Loyal relationship definition math

The Complete Mathematical Terms Dictionary

I can't credit the UD definition offered by MonsterMushroom, which So they're in a mutually loyal relationship, if you want to look at it that way. Loyalty programs have several goals: increase business, improve sales, strengthen the relationship between the customer and the business. Customer Relationship Management and Customer Loyalty a item math test would be a more reliable indicator of your child's math ability.

Math is used daily by nearly everyone, from lay persons to highly degreed professionals. Situations in which math is used vary from simply balancing a checkbook or calculating the amount of change due from a store transaction all the way to making blueprints for an office building or house and the construction of those buildings.

Understanding how to solve math problems becomes easier as one learns math terminology. Below is a list of many common math terms and their definitions. Acute triangle — A triangle containing only acute angles. Additive inverse — The opposite of a number or its negative.

A number plus its additive inverse equals 0. Adjacent angles — Angles with a common side and vertex. Angle — Created by two rays and containing an endpoint in common.

Arc — A set of points that lie on a circle and that are positioned within a central angle. Area — The space contained within a shape. Average — The numerical result of dividing the sum of two or more quantities by the number of quantities. Binomial — An expression in algebra that consists of two terms. Bisect — To divide into two equal sections. Canceling — In multiplication of fractions, when one number is divided into both a numerator and a denominator.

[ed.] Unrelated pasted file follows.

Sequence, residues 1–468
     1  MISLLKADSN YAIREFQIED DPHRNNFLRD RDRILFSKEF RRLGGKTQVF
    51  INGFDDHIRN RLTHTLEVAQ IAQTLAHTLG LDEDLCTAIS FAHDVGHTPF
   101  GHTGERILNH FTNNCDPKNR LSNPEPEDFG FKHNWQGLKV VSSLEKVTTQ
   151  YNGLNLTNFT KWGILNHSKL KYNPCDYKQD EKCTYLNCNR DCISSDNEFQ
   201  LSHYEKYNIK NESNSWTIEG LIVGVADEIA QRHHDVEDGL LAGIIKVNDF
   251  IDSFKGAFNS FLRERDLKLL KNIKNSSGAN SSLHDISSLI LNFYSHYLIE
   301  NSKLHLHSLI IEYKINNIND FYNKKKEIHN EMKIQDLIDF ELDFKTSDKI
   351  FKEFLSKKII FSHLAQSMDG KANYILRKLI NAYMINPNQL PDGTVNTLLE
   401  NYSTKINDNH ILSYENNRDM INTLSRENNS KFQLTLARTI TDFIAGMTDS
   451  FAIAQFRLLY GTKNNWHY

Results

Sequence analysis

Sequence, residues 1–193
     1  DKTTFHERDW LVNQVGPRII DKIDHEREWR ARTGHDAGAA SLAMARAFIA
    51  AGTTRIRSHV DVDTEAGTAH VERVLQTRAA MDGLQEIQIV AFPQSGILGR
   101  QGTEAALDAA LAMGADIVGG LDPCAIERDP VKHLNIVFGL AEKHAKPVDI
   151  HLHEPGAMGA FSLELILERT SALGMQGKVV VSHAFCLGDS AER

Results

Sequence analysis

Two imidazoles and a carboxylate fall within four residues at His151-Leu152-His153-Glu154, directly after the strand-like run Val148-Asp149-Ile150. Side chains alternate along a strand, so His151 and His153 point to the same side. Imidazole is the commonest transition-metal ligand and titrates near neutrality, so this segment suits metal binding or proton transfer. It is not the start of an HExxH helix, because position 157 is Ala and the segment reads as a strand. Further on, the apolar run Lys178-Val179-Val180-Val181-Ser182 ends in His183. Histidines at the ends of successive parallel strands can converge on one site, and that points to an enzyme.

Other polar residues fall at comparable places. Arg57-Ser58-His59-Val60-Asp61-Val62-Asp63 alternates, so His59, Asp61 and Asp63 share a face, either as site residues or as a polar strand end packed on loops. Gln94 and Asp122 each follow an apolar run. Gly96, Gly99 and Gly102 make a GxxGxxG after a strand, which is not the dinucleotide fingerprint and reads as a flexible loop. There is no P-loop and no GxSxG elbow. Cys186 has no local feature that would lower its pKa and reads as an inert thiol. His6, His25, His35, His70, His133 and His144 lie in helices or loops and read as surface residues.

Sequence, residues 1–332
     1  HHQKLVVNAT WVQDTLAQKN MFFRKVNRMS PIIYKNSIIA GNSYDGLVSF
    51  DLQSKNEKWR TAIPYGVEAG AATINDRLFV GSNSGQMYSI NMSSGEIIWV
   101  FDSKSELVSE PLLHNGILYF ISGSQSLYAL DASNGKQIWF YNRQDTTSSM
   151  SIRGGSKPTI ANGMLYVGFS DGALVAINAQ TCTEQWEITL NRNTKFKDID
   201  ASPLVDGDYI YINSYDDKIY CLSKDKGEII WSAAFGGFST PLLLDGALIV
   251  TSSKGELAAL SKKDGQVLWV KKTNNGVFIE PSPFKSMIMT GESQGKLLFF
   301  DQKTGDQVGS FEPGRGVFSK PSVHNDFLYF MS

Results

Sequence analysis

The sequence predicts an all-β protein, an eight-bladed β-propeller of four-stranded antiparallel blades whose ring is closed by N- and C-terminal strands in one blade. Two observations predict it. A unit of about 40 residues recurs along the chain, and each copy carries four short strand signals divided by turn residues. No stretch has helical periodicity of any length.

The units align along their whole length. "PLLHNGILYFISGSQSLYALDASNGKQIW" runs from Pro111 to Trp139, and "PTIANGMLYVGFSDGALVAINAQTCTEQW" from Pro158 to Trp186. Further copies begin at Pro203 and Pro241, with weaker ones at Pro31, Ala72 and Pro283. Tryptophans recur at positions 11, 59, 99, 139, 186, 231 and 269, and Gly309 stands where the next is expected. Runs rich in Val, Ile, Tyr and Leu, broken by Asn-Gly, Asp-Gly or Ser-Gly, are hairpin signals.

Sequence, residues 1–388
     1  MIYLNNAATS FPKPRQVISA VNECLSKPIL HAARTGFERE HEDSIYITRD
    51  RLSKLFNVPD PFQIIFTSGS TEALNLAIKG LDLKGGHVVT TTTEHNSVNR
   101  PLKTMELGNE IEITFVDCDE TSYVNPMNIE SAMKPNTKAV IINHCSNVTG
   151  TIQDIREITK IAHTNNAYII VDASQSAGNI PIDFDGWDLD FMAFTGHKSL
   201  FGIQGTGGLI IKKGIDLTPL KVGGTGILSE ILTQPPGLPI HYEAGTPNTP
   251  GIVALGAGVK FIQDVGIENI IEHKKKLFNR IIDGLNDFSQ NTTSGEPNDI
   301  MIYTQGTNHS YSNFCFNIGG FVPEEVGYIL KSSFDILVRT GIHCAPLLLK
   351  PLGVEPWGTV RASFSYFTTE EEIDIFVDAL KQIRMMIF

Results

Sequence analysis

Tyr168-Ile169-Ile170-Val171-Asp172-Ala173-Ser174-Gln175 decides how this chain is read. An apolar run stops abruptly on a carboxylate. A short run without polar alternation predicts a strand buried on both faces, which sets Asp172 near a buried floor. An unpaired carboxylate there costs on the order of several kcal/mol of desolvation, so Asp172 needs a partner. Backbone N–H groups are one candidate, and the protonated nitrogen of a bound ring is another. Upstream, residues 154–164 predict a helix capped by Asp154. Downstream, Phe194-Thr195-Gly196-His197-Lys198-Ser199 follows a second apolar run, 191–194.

Cartesian coordinates — Ordered number pairs that are assigned to points on a plane. Chord — A line segment that connects two points on a circle. Circle — A set of points that are all the same distance from a given point. Circumference — The distance measured around a circle. Coefficient — A number that is placed in front of a variable. For example, in 6x, 6 is the coefficient. Common denominator — A number that can be divided evenly by all denominators in the problem.

Congruent — Exactly the same. Identical in regard to size and shape. Coordinate graph — Two perpendicular number lines, the x axis and the y axis, which make a plane upon which each point is assigned a pair of numbers.

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Cube — A solid with six sides, with the sides being equal squares and the edges being equal. Also, the resulting number when a number is multiplied by itself twice. Cube root — A number that when multiplied by itself twice gives the original number. For example, 4 is the cube root of Decimal fraction — Fraction with a denominator of 10,1, etc. Degree — The measurement unit of an angle.

Denominator — The bottom symbol or number of a fraction. Diameter — A line segment that contains the center and has its endpoints on the circle.

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Also, the length of this segment. Difference — That which results from subtraction. Equilateral triangle — A triangle that has three equal angles and three sides the same length. Even number — An integer which can be divided by 2, with no remainder. Expanded notation — To point out the place value of a digit by writing the number as the digit times its place value.

Exponent — A positive or negative number that expresses the power to which the quantity is to be raised or lowered. It is placed above and to the right of the number. Exterior angle — In a triangle, an exterior angle i s equal to the measures of the two interior angles added together. Factor — As a noun, it is a number or symbol which divides evenly into a larger number.